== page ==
• 45 percent of Americans wish to be seen as someone who buys eco-friendly products, a percentage that has grown steadily over the last six years.

Looking for a way to get in on the action and leverage sustainability to drive brand loyalty? Here’s your official invitation. One of the highest profile routes to increasing corporate sustainability is food waste prevention. Food waste is a global crisis that has drastic environmental, social, and economic impact, and the whole world is buzzing about it. Huge names in national and international business are already engaged in preventing food waste while increasing their margins and creating meaningful PR around their boost in corporate social responsibility. The shift in global consumer behavior toward sustainable companies is underway. How has your team positioned itself to be the sustainable leader your consumers want to follow?

European Commission Proposes Ban on Single-Use Plastic Items

European Commission single-use plastic ban

The European Commission is proposing a ban on single-use plastic items like straws and utensils according to draft rules released this week. The legislation, which needs the approval of all member states and the European Parliament, would also require plastic producers pay for cleanup and waste management, CNN Money reported.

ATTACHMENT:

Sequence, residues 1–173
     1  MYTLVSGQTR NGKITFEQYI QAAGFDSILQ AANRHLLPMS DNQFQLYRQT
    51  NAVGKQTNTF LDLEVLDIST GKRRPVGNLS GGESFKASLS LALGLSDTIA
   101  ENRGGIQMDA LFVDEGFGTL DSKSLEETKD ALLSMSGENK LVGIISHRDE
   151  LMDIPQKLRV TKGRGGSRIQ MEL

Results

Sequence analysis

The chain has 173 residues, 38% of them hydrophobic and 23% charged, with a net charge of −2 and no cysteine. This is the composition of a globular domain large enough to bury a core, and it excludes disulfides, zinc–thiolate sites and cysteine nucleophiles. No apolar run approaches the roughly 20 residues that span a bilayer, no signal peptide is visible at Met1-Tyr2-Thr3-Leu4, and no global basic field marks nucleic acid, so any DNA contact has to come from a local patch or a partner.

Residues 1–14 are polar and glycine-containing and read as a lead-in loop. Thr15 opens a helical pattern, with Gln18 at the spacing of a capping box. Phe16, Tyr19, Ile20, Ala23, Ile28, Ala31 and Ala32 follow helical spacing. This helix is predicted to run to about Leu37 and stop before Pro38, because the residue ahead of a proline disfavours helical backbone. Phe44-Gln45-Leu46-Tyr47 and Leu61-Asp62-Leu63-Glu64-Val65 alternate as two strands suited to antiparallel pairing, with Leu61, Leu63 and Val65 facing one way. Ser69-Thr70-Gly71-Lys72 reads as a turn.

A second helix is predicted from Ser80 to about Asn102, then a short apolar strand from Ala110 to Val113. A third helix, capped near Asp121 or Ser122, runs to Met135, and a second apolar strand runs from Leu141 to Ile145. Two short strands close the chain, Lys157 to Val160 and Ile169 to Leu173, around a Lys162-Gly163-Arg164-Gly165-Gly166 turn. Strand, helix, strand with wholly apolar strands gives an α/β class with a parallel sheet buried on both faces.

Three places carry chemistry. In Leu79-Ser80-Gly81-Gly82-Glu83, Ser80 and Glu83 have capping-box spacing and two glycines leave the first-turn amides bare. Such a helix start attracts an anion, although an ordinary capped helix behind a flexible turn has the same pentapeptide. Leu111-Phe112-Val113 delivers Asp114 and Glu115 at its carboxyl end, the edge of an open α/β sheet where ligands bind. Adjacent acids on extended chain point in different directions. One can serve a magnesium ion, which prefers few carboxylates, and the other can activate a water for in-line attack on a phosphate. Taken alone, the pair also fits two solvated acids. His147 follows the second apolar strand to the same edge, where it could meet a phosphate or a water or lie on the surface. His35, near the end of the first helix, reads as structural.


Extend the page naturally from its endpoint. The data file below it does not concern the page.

EU-wide rules target 10 single-use plastic products that the commission says make up 70% of marine litter items. The ban will apply to cotton swabs, cutlery, plates, straws, drink stirrers, and balloon sticks, meaning those products would need to be made exclusively from more sustainable materials.

“The European Commission estimates that these rules, once fully implemented in 2030, could cost businesses over $3.5 billion per year,” Alanna Petroff wrote. “But they could also save consumers about $7.6 billion per year, create 30,000 jobs, and avoid $25.6 billion in environmental damage and cleanup costs.”

The proposed rules also say:

  • Producers will help cover the costs of waste management and cleanup as well as awareness raising measures for food containers, packets and wrappers, drinks containers and cups, tobacco products with filters, wet wipes, balloons, and lightweight plastic bags
  • The industry will be given incentives to develop less polluting alternatives for products
  • Certain products like sanitary towels, wet wipes, and balloons will require a clear and standardized labeling showing how waste should be disposed, the negative environmental impact of the product, and the presence of plastics in them

Under the new rules, EU member states must reduce the use of plastic food containers and drinks cups by setting national reduction targets, making alternative products available at the point of sale, or ensuring that single-use plastic products cannot be provided free of charge. Member states will also be required to raise consumer awareness about single-use plastics and collect 90% of single-use plastic drink bottles by 2025.

In January, the European Commission announced plans to make all plastic packaging recyclable by 2030.